Interface decisions that don’t help anyone.


We all know what dark patterns are. Misleading interfaces meant to trick users for the sake of profit. I’m writing today about brown patterns. Dumb interface decisions that don’t help anyone.

1. Custom Scroll Inertia

Have you ever scrolled on an article and suddenly found yourself at the bottom of the page? That’s thanks to customized scroll inertia.

The devil wins when you use customized scrolling. Live example.

I believe custom Scroll Inertia was first a well-intentioned attempt to bring older computers into the age of smooth scrolling. Unfortunately it’s brought us all down(it was a pun did you like it.)

2. Scroll Wells

Have you ever thumbing down a mobile page, and suddenly become stuck on a map? This happens when the map plugin doesn’t have the “Two-Fingers Enabled” setting enabled, and misinterprets your scroll event as a pan gesture. It’s the virtual version of spinning a globe really fast.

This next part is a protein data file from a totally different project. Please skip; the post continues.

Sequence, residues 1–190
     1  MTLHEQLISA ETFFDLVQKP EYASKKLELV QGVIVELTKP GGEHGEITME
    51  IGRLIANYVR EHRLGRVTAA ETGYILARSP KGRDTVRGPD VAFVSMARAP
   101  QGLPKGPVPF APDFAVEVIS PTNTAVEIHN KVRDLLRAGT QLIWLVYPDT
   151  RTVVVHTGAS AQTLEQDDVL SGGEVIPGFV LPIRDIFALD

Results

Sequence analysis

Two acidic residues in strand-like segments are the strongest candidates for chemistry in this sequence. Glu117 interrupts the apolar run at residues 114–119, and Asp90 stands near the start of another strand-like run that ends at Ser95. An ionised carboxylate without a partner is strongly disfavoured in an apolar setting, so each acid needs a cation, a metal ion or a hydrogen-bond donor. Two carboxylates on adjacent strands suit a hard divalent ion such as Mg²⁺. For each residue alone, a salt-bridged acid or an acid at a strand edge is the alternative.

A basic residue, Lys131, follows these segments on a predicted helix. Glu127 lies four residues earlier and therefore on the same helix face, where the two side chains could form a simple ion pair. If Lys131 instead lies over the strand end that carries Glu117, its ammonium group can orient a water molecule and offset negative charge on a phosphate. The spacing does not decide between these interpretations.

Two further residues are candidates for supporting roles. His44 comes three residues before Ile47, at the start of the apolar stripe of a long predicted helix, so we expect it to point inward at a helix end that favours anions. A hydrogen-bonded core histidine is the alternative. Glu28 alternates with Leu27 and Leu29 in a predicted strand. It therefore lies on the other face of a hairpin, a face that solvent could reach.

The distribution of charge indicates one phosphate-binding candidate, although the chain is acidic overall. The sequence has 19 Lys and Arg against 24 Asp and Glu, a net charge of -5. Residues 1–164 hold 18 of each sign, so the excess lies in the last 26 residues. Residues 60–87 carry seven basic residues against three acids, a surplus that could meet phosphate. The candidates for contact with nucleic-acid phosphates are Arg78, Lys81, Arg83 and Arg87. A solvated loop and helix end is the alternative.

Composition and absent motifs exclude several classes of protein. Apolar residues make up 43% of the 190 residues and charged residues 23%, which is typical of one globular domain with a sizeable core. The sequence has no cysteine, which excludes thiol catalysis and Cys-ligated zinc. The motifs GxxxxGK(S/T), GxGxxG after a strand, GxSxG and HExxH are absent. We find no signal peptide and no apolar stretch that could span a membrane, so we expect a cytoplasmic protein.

The largest problem facing Syria. Live example.

3. ‘Flodals’

It’s a mODAL that FLoods the screen. DID YA GET IT

Zillow gets it. Live example.

Quick Question: Why not just put the modal’s contents in a separate page? What’s important about keeping this content in the context of the search results? Okay I admit that’s more than one question.

4. Sharp Background Images

I’m all for subtle background patterns. But background images make me lose focus. Shouldn’t the emphasis be on the interaction in the foreground?

Graphic Designers doing UX ?. Live example

5. When a Site Blocks “Open in a New Tab”

Whenever I compare places on AirBNBs I like to open every listing on a separate tab, then evaluate each tab individually. It’s apart of my creative process for finding cheap AirBNBs.

However, some sites like Google Drive block the “Open in a new Tab” functionality. Why would you do that?

You’re unable to open a folder in a new tab in Google Drive. Live example

Using ⌘(or Ctrl) Click to open a link in a new tab is an established pattern, and we should allow this functionality by default.

6. Button Copy in All-Caps

Material UI’s buttons are unnecessarily aggressive. Nuff’ said.


That’s it For Now

If you have any design patterns that are lose-lose for business and user, I’d love to hear them. Drag them in the comments section below.